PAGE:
Life itself is a process of transitions, beginning with those of moving through and mastering the developmental steps from infancy to adulthood.  Yet the transitions required by the events of the last two years have demanded new and previously untested abilities of adaptation.  All the familiar patterns of adjustment were interrupted by the advent of the pandemic, involving not only disruption but fear of the unknown and the loss of familiar sources of reassurance.

As parents, we are responsible for our children.  That means we are trying to teach them how to live in the world – a world that has schedules, and often the need to comply with others’ requests that we may not like.  Hopefully, as adults we have learned those lessons while growth and maturation have given us the ability to carry them out.  Yet, we too, have been confronted with a changed world that has challenged our capacity for adaptation.

Transitions are hard – especially for young children.  They often resist just moving from one activity to another, even when the change is to something they like doing.  They as yet do not have the tools they need to be flexible moving from one thing to another.  They get stuck in the moment – even a bad moment, as parents can attest  trying to move children out of such a moment.  They don’t yet have our sense of time or the ability to be future oriented.

Parental requests feel like an intrusion.  It is not only that what we are asking them to do next doesn’t seem relevant, but it is also their frustration at having to leave something that is pleasurable.  The frustration involved in making transitions is something they still haven’t mastered.  Then at the point in development at which their wish for autonomy comes into it, they begin to rebel against being told what to do – being “bossed”.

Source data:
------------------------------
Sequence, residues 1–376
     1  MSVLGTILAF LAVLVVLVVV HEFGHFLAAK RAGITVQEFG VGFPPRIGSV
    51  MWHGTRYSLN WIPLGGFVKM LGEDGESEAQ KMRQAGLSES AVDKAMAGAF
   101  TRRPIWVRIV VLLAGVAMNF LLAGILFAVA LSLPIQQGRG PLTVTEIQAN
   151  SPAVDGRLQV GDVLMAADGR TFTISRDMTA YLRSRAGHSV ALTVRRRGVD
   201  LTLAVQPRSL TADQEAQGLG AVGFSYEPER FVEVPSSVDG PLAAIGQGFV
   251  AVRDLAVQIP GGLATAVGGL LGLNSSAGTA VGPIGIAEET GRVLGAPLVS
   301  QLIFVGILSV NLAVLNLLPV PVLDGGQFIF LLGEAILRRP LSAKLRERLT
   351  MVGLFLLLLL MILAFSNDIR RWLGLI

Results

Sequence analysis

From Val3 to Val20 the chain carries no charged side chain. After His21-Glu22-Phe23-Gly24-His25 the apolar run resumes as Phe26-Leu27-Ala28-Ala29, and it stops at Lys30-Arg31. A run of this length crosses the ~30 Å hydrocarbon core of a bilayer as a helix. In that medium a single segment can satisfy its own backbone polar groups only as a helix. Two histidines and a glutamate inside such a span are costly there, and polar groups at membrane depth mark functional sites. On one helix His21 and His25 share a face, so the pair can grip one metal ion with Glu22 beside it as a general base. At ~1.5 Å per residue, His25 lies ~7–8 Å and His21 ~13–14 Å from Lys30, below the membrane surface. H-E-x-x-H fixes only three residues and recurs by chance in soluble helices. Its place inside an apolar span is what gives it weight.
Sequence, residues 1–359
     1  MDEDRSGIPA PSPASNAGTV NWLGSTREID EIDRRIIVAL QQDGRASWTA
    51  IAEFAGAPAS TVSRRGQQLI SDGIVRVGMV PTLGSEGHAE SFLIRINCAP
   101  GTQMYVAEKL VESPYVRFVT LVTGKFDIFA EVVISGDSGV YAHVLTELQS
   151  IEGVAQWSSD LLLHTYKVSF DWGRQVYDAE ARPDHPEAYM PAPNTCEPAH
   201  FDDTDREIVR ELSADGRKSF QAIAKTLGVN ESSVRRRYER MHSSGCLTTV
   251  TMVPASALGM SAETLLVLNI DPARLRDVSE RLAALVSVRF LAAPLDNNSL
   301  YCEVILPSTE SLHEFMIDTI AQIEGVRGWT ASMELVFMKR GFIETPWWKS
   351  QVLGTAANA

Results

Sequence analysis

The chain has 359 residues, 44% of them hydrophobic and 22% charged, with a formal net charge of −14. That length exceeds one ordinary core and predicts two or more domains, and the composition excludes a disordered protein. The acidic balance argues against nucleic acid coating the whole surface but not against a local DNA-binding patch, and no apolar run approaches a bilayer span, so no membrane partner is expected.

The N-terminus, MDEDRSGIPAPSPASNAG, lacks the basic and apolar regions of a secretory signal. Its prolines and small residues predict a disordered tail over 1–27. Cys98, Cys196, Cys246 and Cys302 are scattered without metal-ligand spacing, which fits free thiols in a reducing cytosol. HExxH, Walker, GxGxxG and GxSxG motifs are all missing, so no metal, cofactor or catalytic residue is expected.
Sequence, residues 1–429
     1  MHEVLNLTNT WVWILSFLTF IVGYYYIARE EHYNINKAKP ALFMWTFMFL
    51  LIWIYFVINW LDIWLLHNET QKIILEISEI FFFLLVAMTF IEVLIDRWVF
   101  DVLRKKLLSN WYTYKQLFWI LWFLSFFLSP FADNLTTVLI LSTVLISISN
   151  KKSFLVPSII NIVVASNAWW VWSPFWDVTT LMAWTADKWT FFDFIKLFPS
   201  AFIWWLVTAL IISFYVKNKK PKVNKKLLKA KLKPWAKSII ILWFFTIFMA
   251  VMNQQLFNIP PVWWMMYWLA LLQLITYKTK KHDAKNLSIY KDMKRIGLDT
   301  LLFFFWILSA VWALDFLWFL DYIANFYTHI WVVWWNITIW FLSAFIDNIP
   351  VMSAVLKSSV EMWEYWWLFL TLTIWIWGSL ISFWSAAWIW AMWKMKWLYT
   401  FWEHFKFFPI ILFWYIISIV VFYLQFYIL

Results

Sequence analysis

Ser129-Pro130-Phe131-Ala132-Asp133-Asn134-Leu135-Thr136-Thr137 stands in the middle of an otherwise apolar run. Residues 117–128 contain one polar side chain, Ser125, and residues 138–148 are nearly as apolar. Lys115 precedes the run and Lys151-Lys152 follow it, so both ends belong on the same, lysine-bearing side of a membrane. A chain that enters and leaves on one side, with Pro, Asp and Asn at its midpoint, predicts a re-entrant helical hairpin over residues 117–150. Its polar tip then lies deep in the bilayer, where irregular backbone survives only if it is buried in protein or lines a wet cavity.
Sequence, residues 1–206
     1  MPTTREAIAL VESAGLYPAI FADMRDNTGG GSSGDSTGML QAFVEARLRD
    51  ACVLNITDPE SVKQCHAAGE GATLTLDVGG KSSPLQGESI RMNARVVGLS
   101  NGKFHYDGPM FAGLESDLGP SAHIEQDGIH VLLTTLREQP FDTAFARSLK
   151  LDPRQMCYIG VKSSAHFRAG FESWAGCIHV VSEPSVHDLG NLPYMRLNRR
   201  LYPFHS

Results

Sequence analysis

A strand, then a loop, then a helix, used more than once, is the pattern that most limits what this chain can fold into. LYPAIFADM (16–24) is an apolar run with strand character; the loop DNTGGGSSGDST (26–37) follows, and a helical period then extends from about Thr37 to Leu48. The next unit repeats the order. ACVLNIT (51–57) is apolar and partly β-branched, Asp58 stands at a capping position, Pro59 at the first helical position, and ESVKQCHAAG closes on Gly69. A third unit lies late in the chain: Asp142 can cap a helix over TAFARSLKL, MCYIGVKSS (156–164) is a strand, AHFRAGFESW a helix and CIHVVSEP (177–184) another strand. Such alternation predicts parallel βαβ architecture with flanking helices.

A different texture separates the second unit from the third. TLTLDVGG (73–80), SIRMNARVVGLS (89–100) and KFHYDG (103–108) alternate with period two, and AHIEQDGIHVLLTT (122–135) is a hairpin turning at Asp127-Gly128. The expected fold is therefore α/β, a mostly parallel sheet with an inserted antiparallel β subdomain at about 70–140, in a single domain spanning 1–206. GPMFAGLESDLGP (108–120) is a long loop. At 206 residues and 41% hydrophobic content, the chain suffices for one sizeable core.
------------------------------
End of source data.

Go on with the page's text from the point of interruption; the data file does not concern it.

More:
Young children also have trouble calling up within themselves experiences or feelings they are not having at that moment.  If they are disappointed, angry, or sad, that becomes the totality of what life is all about.  It seems impossible that they will get over anything that is happening, or that they are feeling.  They want to have and do what brings them pleasure and are not yet ready to defer, or give up what they want, in the service of a larger goal.  It is also hard to wait for what they want, or to imagine that there will be other times of fun in the future.  The concept of time is abstract – compared to now.

For these reasons, children often seem to regress whenever there is a significant change in their lives, such as a parent’s absence or even after an illness.  The seeming regression reflects the fact that developmental steps are not yet firmly in place and are easily interrupted by changes in familiar routines and daily patterns of behavior.

Yet the changes that have disrupted all our lives over the past months may have brought about a regression in adults, too, in parents as well as children.  We continue to be challenged by ongoing changes such as the need for masks and social distancing and now the relaxation of those rules.  Many adults resisted complying with such rules initially and now find themselves resisting the interruption of adjustments that were difficult to make initially with hard-won compliance.

As we process the losses we have experienced during this time, school, work, graduations, weddings, children about to leave for college, perhaps we can gain a deeper understanding of the transitions challenging children just to grow up.